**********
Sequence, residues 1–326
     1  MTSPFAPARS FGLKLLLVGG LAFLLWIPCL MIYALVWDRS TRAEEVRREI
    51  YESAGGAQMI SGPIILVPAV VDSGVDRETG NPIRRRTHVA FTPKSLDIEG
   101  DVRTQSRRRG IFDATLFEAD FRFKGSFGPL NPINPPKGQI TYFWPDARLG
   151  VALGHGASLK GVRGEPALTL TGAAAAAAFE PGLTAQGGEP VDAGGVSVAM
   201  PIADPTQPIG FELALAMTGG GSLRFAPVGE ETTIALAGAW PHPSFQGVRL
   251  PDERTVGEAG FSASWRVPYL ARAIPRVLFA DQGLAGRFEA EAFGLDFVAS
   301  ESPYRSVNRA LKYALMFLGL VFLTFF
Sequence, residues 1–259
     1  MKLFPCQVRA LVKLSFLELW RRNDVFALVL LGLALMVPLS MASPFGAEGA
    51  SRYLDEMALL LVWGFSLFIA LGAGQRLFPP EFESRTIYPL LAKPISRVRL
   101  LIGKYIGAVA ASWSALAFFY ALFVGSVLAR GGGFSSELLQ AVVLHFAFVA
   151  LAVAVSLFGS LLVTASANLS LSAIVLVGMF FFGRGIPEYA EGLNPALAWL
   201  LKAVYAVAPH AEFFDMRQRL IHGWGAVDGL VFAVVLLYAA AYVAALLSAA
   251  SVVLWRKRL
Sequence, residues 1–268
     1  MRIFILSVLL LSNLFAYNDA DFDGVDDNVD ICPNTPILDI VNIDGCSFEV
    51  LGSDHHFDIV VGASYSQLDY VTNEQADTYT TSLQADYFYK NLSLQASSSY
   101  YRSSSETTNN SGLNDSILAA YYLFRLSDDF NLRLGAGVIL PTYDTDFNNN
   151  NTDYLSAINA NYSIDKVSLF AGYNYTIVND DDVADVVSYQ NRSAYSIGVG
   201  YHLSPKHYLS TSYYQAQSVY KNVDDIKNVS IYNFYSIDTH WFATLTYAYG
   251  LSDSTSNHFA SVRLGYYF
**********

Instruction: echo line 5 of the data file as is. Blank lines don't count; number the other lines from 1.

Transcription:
   151  VALGHGASLK GVRGEPALTL TGAAAAAAFE PGLTAQGGEP VDAGGVSVAM